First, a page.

The legislation, called the Defending Access to Women’s Health Care Services Amendment Act of 2018, would mean that women won't need to visit their doctor in order to get a contraception prescription. Seven other states, including California, Oregon, and New Mexico, have similar laws in place, though the regulations vary per place. The new D.C. law also requires that patients have access to co-pay free birth control, regardless of whether the receive coverage through insurance providers, Medicaid, or the D.C. Healthcare Alliance.
"Preventive care saves lives and reduces healthcare costs,” Bowser said in a statement provided to Refinery20. “From extending open enrollment to creating forward-thinking legislation that keeps Washingtonians safe from detrimental health care reforms, in Washington, D.C., we are committed to ensuring all residents are able to get the care and services they need to thrive and get on pathways to the middle class. "
A 2013 found that about 30% of women who were not on birth control or used a less effective method believed they would start taking the pill if it was offered without needing a prescription. And there's a myriad of reasons why patients would opt out of going to the doctor: financial barriers, inability to find child care, difficulty getting time off at work, and many others. A move like the new D.C. law could encourage them to get contraception, since it erases the need for a doctor's visit.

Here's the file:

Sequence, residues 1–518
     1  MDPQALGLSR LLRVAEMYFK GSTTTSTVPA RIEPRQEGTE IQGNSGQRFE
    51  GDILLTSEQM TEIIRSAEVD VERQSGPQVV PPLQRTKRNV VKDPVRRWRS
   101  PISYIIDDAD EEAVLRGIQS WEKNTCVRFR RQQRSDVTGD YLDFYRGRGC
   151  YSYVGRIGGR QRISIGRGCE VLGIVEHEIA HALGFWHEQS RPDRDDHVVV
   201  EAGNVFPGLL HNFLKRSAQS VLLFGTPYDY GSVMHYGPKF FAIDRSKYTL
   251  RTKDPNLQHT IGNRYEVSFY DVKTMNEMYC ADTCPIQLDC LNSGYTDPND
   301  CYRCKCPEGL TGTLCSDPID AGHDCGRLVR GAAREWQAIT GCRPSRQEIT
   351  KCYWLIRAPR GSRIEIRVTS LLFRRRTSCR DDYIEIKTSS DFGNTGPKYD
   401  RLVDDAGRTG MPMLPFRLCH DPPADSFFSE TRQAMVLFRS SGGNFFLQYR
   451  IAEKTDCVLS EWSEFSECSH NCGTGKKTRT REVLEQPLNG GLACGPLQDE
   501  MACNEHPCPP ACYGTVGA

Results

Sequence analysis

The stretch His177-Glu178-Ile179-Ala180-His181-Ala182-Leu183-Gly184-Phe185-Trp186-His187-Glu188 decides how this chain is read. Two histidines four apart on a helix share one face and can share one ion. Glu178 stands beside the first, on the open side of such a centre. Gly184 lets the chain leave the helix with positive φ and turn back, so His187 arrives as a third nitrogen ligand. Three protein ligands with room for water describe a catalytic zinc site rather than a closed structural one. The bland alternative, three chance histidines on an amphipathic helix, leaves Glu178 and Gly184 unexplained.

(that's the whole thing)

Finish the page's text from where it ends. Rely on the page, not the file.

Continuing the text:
Being able to get a 12-month supply is highly beneficial, too. According to a 2011 study, there was a significant decrease in rates of unintended pregnancy and abortion when women were not forced to go to the pharmacy every one to three months in order to pick up their birth control prescription.
The new policy was met with praise from reproductive rights advocates, such as Dawn Laguens, Planned Parenthood Federation of America's executive vice president.
"We applaud Mayor Bowser and the D.C. City Council for listening to their constituents by taking critical steps to protect birth control coverage and the basic right for people to control their own bodies," she said in a statement provided to Refinery 29. "In 2018, we are still working toward a world in which we all have the freedom and opportunity to control our lives at the most basic level: our bodies, our families, and our life’s path. This must include access to birth control."